Workers uncover children's mural at Würzburg hospital
December 16, 2002
WüRZBURG, Germany — The two German contract workers ripping out old telephone cables stared in disbelief at what they had uncovered in a second-floor hallway at Würzburg Army Hospital.
Behind a built-in cabinet attached to the wall decades ago, they uncovered part of colorful mural, painted in a Teutonic style and obviously intended for children.
“They started removing these cabinets, and there it was,” said Kurt Friederich, hospital facilities manager. “They came to our office and said, ‘Look what we found!’”
The mural had been partly covered in white paint, but it showed an older woman spanking a child in her lap while another child runs away crying. Upstairs, several other children are asleep in their beds.
It’s a rather disturbing image, but it appears to match the Mother Goose nursery rhyme “The Old Woman Who Lived in a Shoe.” According to the rhyme, “She had so many children, she didn’t know what to do. She gave them some broth, without any bread. She whipped them all soundly, and put them to bed.”
Roger Teel, the hospital’s public affairs officer, took an interest in the mural right after the workers’ discovery in mid-November. He made sure it remained undisturbed and queried the city of Würzburg’s cultural office.
A local official said the city lacked the resources or expertise to determine the mural’s origin and suggested Teel contact the German Assets Office in Nuremberg. He is hoping the office will send an evaluator in January.
The hospital was built in 1937 for German soldiers and their families during the Nazis’ massive prewar military buildup. The Americans took it over at the end of World War II.
Teel discovered that the hallway used to be part of the children’s ward under both German and American administration.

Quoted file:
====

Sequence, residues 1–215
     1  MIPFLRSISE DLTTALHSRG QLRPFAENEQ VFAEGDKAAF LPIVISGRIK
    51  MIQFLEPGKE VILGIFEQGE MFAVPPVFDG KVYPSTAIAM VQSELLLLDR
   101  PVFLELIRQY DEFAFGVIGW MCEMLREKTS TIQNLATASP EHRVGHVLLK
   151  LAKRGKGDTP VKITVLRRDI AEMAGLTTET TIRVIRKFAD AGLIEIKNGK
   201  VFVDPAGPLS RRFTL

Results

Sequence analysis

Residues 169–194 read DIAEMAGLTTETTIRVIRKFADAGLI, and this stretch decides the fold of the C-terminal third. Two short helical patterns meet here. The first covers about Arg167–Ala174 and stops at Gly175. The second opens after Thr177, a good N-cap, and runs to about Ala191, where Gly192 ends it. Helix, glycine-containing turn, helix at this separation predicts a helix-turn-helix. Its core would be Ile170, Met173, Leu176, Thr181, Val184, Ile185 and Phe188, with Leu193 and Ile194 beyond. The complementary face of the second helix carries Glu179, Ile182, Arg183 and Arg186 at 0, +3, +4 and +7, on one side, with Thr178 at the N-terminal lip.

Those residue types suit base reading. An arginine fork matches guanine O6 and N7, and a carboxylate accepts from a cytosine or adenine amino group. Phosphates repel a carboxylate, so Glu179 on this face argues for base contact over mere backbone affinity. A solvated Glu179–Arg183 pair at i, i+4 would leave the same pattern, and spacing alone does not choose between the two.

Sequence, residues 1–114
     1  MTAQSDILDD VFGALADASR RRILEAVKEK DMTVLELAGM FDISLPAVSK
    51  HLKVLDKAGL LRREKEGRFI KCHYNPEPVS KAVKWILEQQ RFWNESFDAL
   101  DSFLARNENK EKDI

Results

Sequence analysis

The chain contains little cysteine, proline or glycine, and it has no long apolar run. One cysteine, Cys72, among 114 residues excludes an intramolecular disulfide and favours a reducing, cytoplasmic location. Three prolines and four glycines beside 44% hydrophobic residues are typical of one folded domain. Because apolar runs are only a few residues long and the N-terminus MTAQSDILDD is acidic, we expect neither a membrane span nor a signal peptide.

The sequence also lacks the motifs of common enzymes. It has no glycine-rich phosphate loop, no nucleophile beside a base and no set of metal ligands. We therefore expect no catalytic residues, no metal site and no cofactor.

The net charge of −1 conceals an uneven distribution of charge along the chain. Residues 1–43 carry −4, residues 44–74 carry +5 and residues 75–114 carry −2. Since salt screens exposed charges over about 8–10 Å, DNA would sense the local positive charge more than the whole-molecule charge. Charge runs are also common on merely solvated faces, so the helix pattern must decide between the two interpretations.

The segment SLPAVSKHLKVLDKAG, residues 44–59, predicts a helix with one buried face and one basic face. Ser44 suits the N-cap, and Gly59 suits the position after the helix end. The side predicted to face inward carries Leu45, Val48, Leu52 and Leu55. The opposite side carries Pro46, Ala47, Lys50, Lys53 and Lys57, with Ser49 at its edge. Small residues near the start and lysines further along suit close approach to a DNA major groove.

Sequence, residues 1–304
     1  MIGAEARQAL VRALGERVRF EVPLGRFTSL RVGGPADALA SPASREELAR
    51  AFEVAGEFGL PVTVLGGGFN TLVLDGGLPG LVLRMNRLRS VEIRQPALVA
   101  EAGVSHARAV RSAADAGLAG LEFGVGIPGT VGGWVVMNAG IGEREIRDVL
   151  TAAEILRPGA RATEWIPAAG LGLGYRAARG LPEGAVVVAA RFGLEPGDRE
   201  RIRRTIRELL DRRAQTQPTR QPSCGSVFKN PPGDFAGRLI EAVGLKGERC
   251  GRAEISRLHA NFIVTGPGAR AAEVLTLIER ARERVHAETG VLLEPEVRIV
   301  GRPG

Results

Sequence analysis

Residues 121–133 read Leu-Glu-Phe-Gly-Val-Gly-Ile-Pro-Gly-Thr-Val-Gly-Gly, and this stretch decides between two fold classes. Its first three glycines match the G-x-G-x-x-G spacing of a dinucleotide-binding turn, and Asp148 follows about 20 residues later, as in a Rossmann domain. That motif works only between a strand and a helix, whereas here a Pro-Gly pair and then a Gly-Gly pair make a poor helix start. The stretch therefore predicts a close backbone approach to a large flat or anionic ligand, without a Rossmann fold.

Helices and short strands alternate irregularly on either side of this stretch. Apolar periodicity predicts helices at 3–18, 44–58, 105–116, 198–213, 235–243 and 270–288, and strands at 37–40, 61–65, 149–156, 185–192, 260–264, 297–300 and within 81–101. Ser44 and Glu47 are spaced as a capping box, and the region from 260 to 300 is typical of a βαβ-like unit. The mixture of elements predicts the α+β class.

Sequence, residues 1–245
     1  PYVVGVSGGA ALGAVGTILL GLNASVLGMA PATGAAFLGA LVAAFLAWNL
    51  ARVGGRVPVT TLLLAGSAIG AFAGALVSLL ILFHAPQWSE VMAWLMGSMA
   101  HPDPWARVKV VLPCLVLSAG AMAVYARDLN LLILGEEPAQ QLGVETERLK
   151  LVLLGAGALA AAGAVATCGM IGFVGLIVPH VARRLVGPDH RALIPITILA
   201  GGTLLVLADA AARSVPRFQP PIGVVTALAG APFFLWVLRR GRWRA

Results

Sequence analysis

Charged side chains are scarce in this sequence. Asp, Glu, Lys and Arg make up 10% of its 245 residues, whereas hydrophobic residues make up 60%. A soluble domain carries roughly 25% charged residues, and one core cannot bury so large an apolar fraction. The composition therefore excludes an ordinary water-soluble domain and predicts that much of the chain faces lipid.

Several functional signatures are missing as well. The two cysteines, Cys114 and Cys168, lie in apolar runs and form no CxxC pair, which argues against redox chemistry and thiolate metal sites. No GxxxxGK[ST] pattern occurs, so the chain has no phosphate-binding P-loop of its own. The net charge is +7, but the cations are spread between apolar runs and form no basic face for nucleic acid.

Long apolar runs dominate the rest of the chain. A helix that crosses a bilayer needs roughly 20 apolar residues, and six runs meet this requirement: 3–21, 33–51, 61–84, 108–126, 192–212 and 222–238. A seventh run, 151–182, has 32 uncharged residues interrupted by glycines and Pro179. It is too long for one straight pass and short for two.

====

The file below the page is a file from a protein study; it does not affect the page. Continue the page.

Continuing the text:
He talked to quite a few of the older German employees but found none who could remember the mural or when it was built. He’s intrigued with the idea that it could be a relic from the Third Reich.
Thomas Zirkelbach, the hospital’s German safety manager, noted the picture shows a teddy bear as well as a little boy wearing blue coveralls. But, he said, neither denim nor stuffed bears were common in Germany until after the war.
The nursery rhyme that appears to be the subject of the tale is not well-known in Germany, Zirkelbach said.
According to several Web sites, “The Old Woman Who Lived in a Shoe,” originated in 17th- or 18th-century Britain. Like most Mother Goose rhymes, it is believed to have been an English drinking song that may have been a political allegory about King George III and his colonies. In any case, it seems an unlikely subject for even a children’s painting by the ultra-nationalist Nazis.
“My guess would be, this was an after-World War II painting from the late 1940s or early 1950s,” Zirkelbach said.
It will be hard to know for sure, though, until an expert examines it. Even then, it’s not clear what will happen.
The hospital lacks a budget for historic preservation, and saving an entire wall could be a difficult, expensive task.
That’s why Teel is hoping the German government will take an interest in the mural. He hates the thought of seeing it painted over or torn down.
“I think we’d have some resolution,” he said, “if we knew what era it came from.”